What are adaptogens and how do they benefit me?

Adaptogens are naturally occurring substances that protect the body from stress. They do this by optimizing and stabilizing its physiological functions.

The term adaptogen was first developed by the Russian toxicologist Nikolay Lazarev in 1947. He used it to describe ‘substances that increase the state of non-specific resistance’ in stress. In 1958 Soviet researchers created the definition that adaptogens need to deliver on the four N’s.

The four N’s of adaptogens

  1. Nourishing – bring nutritive strength
  2. Normalizing – raise what is low and lower what is high (eg energy, stress)
  3. Non-specific – act on multiple parts of the body at the same time
  4. Non-toxic – be completely safe when used over extended periods of time.

The most unusual thing about adaptogens is that they do not serve a specific purpose. Rather than supporting the body in a specific way, they adapt and help where support is needed at any given time.

Adaptogens boost immunity, protect you from disease and promote overall health and wellness. Cordyceps and reishi, ginger and holy basil are all great sources of adaptogens, as is chaga.

Because our drinks are made with pure extractions of chaga and reishi, they contain all of their goodness, including adaptogens.

How do adaptogens work?

Adaptogens help to relieve stress by modulating the release of stress hormones from the adrenal glands. As biological response modifiers (BRMs) adaptogens restore the body’s own immune function and support it adapt to different stressors. This gives them preventative and protective as well as curative abilities.

Researchers from the Swedish Herbal Institute believe adaptogens work at a cellular level. “Studies on animals and isolated neuronal cells have revealed that adaptogens exhibit neuroprotective, anti-fatigue, antidepressive, anxiolytic, nootropic and CNS stimulating activity.”  

Protecting mental capacity with adaptogens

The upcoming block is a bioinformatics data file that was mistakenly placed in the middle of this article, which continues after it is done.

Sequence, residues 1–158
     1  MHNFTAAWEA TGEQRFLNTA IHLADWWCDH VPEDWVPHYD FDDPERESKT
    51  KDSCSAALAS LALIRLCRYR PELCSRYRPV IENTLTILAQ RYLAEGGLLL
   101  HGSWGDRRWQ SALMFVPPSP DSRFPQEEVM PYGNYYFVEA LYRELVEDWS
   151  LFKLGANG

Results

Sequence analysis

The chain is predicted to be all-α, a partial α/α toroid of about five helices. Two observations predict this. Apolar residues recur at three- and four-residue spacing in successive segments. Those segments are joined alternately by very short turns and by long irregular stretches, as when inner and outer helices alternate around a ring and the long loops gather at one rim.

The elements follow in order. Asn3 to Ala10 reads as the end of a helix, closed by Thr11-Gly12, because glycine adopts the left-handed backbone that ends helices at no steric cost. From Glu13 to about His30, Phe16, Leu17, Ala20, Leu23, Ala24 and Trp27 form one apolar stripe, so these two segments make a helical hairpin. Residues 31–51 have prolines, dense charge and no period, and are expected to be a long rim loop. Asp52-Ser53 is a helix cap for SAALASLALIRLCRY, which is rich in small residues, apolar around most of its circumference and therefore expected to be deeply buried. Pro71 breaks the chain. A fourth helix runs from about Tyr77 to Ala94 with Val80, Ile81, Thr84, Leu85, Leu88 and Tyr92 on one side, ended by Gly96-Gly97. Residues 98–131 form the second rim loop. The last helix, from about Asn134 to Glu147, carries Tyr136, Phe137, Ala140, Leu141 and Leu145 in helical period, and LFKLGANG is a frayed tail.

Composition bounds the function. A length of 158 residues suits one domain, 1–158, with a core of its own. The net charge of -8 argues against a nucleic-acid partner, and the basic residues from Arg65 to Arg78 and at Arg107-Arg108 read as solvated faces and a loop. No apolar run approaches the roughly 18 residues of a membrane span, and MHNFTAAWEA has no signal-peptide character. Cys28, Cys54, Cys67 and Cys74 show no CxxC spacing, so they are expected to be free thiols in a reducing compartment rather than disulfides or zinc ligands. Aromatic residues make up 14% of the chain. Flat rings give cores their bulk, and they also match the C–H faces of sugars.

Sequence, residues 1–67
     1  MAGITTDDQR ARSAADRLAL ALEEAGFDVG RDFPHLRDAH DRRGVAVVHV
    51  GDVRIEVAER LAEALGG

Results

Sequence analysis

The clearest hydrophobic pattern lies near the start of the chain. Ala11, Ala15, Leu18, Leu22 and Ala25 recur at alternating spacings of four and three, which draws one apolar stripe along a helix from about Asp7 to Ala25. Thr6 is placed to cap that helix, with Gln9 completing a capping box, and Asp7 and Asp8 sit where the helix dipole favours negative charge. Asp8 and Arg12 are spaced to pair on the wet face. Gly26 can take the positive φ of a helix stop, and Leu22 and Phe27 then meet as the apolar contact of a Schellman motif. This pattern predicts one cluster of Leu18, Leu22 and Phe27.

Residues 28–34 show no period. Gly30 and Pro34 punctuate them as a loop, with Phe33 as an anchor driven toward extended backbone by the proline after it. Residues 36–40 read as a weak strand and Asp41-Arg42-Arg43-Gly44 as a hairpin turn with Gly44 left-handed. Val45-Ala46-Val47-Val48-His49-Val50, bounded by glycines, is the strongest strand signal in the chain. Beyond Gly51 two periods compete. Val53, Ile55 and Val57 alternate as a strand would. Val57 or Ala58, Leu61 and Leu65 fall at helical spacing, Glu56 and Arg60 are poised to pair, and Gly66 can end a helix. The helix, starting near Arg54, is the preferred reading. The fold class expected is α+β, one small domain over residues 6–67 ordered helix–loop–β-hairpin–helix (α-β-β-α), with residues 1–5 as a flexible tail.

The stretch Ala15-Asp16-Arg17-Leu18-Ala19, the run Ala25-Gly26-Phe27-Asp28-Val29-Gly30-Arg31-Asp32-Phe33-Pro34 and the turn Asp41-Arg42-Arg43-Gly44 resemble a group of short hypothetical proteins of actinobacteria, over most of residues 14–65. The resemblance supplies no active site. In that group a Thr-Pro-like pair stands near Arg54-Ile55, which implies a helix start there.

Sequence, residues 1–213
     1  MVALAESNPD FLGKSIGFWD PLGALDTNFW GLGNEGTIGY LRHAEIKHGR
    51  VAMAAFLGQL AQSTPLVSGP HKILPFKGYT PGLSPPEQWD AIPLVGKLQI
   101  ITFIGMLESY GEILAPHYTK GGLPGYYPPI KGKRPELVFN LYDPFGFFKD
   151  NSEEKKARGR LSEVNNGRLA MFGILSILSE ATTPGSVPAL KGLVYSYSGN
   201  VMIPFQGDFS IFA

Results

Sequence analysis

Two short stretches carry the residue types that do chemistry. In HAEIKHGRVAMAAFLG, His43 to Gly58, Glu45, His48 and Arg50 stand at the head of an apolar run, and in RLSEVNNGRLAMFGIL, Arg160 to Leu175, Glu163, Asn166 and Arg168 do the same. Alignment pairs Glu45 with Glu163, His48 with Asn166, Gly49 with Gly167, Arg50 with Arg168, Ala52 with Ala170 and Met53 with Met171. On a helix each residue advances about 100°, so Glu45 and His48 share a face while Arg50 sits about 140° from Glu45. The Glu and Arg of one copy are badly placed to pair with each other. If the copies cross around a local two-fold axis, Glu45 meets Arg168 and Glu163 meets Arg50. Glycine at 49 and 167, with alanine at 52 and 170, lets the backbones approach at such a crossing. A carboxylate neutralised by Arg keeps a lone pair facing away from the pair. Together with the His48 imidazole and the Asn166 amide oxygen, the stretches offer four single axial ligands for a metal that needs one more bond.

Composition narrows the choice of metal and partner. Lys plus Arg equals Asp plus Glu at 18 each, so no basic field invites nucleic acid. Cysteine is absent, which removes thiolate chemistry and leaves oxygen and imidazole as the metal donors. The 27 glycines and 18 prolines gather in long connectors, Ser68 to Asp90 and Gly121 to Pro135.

Clinical trials have demonstrated they can increase and protect mental capacity against a background of stress and fatigue, particularly intolerance to mental exhaustion.

Dr. Teiraona Low Dog, a doctor who specializes in herbal medicine, said adaptogens “could be the most important class of plants that we are going to find in the 21st century.”

If you’d like to learn more about adaptogens, listen to this podcast produced by the Supplement Show with Dr. Low Dog, demystifying and explaining adaptogens.

Three drinks to enhance your life

The energetic​ one

What's in it?

Sustainably foraged adaptogenic and energizing chaga from Northern Canada, distilled spruce tips and blueberries.  

What does it taste like?

Refreshingly herbaceous, hints of fruit and gently carbonated. If you like coffee spritzers or Italian bitters you’ll love this drink. 

When to drink it?

Anytime you need to energize but don’t want jitters. For brunch, it makes a sensational coffee spritzer, on its own with a dash of lemon it makes for a fantastic alternative to artificial energy drinks. 

The focused one

What's in it?

We brew this tonic with real nootropic focusing lion’s mane, confident juniper berries and and vibrant Canadian sumac. 

What does it taste like?

This is Mike’s favourite, citrus-forward, confidently herbal and resolutely upbeat. If you like a G&T, you’ll be a fan.

When to drink it?

In the days when we could still meet friends in bars, (they will return) this was our go-to after midnight drink, on the rocks or as a mixer. Now we use it to help us keep focused in Zoom meetings. 

The relaxed one

What's in it?

The perfect partner for unwinding and relaxing, brewed with adaptogenic reishi, elderberries and gentle birch. 

What does it taste like?

We call this our summer romance, complex and balanced, with subtle berry flavours. A dry rose on a sunny dock,  with bubbles. 

When to drink it?

From movie nights at home to relaxing on a dock on Lake Muskoka on a hot summer’s day, this gorgeously rose botanical tonic delivers all the chill that only reishi and elderberry can bring to the party. 

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